Block on Trump's Asylum Ban Upheld by Supreme Court
No one will ever accuse the Supreme Court of being too quick to embrace new technology. The Court didn't start post oral argument recordings on its website until 2010 and its online slip opinions only go back to 2009. Just six years ago, Justice Kennedy and the late Justice Scalia let it slip during arguments that they didn't really know how text messages worked -- at all. And when it comes to one of the most ubiquitous forms of technology this side of electricity, the Court isn't really caught up, either. In 2013, Justice Kagan said that the Court hadn't "gotten to" email just yet.
But, it turns out, the Supreme Court justices do use email after all. Well, two of them do, that is.
Almost Not Luddites
The Supreme Court may still use wood burning stoves to heat the justices' chambers, but at least some of the justices are modernizing their practice with email.
Both Justice Kagan and Justice Sotomayor make use of email and both send out their electronic missives from a .gov account. That could set them apart from their colleagues, who still have written memos shuffled back and forth by their aides. (The carrier pigeons were retired, we assume.)
So at least two Supreme Court justices are au courant with email -- and it only took a federal lawsuit to find out. Jason Leopold, a journalist with Vice and self-described "FOIA terrorist," filed a Freedom of Information Act lawsuit back in January, seeking to access communications between the justices and the Solicitor General. The result, Leopold writes, was "a couple of innocuous emails" Justices Kagan and Sotomayor exchanged with the S.G. in 2010 and 2013.
Ex-Parte Portrait Hanging
When we covered Leopold's suit in January, we noted that "it could expose potential ex parte communication between the justices and the S.G., if any email communication exists." While the Supreme Court is exempt from FOIA, like all federal courts, the Department of Justice is not.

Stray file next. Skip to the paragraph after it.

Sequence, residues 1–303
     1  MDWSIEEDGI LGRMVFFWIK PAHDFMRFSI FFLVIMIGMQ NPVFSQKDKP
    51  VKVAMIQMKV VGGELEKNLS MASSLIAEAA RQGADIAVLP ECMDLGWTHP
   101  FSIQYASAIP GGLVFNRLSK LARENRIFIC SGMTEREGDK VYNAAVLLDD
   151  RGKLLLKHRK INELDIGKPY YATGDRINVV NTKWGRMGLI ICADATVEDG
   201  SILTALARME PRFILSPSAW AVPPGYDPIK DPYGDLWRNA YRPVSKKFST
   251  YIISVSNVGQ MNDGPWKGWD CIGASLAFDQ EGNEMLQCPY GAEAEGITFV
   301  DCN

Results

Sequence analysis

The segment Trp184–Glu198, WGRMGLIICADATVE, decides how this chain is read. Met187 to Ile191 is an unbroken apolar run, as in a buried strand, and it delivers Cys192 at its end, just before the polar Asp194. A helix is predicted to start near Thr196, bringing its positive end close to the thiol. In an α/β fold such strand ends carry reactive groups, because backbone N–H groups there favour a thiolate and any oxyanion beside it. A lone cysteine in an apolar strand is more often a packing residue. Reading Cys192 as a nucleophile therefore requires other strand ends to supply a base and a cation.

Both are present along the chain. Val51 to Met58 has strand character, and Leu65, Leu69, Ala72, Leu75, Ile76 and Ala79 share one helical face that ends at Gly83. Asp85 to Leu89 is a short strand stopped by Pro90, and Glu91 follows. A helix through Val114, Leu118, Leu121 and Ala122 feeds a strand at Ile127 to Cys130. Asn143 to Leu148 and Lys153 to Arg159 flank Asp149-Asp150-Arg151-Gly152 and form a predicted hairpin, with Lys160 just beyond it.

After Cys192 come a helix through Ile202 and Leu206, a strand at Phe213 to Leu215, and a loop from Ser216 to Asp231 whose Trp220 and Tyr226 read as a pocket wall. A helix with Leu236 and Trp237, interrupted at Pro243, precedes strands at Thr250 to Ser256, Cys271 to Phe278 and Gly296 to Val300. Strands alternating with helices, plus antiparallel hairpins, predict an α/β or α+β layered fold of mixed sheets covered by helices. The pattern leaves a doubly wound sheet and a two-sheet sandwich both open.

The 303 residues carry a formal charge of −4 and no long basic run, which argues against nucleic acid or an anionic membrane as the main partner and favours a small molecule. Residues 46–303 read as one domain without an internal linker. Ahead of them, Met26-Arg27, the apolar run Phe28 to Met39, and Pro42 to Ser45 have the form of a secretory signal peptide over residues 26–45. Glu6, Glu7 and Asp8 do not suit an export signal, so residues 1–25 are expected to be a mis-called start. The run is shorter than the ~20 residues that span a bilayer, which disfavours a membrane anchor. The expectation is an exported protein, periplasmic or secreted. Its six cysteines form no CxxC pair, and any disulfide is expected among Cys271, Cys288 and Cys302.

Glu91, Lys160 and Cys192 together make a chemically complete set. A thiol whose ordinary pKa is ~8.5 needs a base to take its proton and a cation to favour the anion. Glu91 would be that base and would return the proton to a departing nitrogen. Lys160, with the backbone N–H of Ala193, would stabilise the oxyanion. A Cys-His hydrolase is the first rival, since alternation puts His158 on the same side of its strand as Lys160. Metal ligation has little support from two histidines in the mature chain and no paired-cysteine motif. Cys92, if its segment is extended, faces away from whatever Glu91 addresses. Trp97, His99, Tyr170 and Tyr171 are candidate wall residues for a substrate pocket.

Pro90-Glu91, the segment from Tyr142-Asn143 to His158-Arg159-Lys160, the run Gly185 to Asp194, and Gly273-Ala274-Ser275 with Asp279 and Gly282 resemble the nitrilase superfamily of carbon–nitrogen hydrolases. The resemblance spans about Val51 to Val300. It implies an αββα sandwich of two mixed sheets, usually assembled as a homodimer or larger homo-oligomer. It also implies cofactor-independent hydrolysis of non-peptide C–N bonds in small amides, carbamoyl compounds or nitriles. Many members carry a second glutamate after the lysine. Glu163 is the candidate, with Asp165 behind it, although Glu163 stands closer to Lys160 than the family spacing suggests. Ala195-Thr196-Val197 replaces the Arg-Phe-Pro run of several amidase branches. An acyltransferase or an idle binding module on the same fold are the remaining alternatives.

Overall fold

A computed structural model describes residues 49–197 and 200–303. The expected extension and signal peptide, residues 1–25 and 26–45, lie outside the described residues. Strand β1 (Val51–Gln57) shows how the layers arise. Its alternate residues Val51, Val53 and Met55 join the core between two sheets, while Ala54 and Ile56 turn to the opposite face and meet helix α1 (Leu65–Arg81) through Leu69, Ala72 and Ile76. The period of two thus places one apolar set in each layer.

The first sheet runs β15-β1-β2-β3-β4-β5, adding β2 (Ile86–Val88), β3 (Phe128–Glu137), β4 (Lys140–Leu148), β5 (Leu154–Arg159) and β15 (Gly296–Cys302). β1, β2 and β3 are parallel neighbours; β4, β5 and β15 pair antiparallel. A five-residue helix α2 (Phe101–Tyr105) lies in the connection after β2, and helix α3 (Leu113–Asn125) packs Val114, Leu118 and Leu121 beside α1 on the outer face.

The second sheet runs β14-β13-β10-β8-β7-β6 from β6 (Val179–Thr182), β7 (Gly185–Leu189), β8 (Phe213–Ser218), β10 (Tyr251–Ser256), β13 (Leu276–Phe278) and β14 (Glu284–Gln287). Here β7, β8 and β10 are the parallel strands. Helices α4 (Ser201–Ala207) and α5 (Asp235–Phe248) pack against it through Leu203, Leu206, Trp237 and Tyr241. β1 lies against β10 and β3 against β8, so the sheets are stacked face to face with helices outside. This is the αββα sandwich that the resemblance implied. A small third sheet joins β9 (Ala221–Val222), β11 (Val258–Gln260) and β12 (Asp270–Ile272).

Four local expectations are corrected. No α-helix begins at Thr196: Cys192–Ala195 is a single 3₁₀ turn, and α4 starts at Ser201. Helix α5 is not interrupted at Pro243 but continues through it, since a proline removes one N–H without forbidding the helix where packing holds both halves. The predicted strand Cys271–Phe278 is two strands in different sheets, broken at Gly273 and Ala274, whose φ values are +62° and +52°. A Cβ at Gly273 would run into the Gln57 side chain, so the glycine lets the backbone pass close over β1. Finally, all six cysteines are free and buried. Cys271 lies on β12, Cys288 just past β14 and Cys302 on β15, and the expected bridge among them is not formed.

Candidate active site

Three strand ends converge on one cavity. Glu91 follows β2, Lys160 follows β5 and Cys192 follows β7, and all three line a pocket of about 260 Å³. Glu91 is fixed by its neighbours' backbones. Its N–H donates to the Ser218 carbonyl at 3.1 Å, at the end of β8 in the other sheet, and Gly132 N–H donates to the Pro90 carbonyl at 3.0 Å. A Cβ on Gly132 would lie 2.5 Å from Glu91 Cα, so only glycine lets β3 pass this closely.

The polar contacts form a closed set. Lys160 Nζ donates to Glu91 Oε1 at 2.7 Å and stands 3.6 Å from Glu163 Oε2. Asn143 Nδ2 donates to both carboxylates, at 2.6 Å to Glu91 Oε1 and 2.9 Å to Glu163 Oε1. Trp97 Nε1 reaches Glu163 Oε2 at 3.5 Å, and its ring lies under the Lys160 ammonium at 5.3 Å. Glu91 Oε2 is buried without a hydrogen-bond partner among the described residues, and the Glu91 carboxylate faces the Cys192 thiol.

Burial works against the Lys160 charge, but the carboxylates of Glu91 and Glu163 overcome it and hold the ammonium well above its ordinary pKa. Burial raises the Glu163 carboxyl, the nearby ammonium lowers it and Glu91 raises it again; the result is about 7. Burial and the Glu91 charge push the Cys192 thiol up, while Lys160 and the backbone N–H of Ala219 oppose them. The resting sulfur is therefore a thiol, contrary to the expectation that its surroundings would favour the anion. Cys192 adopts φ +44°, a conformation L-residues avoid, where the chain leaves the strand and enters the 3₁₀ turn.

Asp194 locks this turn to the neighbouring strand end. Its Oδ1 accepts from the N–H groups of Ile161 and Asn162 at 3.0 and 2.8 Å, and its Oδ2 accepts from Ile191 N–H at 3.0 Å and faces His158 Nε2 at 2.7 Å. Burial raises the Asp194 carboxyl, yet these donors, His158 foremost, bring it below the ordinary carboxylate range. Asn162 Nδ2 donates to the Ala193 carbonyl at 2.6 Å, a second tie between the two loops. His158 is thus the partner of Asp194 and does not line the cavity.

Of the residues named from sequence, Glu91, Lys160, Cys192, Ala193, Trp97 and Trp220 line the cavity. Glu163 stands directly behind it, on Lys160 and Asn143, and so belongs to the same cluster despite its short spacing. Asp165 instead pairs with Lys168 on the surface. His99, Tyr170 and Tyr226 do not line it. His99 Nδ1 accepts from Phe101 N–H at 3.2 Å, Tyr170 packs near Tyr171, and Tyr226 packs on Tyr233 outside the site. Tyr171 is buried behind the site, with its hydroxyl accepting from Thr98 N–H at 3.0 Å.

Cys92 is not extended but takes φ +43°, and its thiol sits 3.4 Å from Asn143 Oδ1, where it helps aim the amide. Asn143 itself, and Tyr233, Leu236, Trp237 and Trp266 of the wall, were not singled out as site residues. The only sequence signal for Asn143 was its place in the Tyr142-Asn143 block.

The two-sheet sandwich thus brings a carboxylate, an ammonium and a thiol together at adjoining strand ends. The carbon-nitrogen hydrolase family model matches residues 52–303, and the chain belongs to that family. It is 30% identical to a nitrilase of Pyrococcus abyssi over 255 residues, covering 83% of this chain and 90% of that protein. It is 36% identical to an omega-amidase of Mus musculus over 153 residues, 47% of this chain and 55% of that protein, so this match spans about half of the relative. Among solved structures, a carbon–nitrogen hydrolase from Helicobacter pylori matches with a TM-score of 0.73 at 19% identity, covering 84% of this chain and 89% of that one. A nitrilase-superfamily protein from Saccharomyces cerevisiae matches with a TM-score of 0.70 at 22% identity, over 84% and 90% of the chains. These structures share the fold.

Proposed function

The Solicitor General's office has long maintained close connections to the Supreme Court, as Leopold's suit highlighted. (Justice Kagan, of course, was once Solicitor General, and many S.G.'s remain as prominent members of the Supreme Court bar even after they leave the DOJ.) But little is known about what communication, if any, the Supreme Court and the Solicitor General's office engage in -- until now.
So, what did Leopold's FOIA request reveal? Three pretty standard emails. In November of 2013, Solicitor General Donald Verrilli sent a three-sentence email to Justice Sotomayor, in response to questions about law clerk applicants. In 2010, former S.G. Neal Katyal emailed Justice Kagan, whom he had replaced when she left for the Supreme Court. He wanted to know where to hang her portrait:
I have a question: I'm going to hang your portrait tomorrow in our conference room, and I was wondering if you have a particular preference on layout. I was thinking of the three senior on top, and then you in a separate, lower, row with Justice Marshall (so 3, and then 2.) But I wanted to see if you thought that ok.
Whatever decorating tips Justice Kagan responded with were redacted, but Katyal seems to have followed her advice. "We'll get it hung," he promises.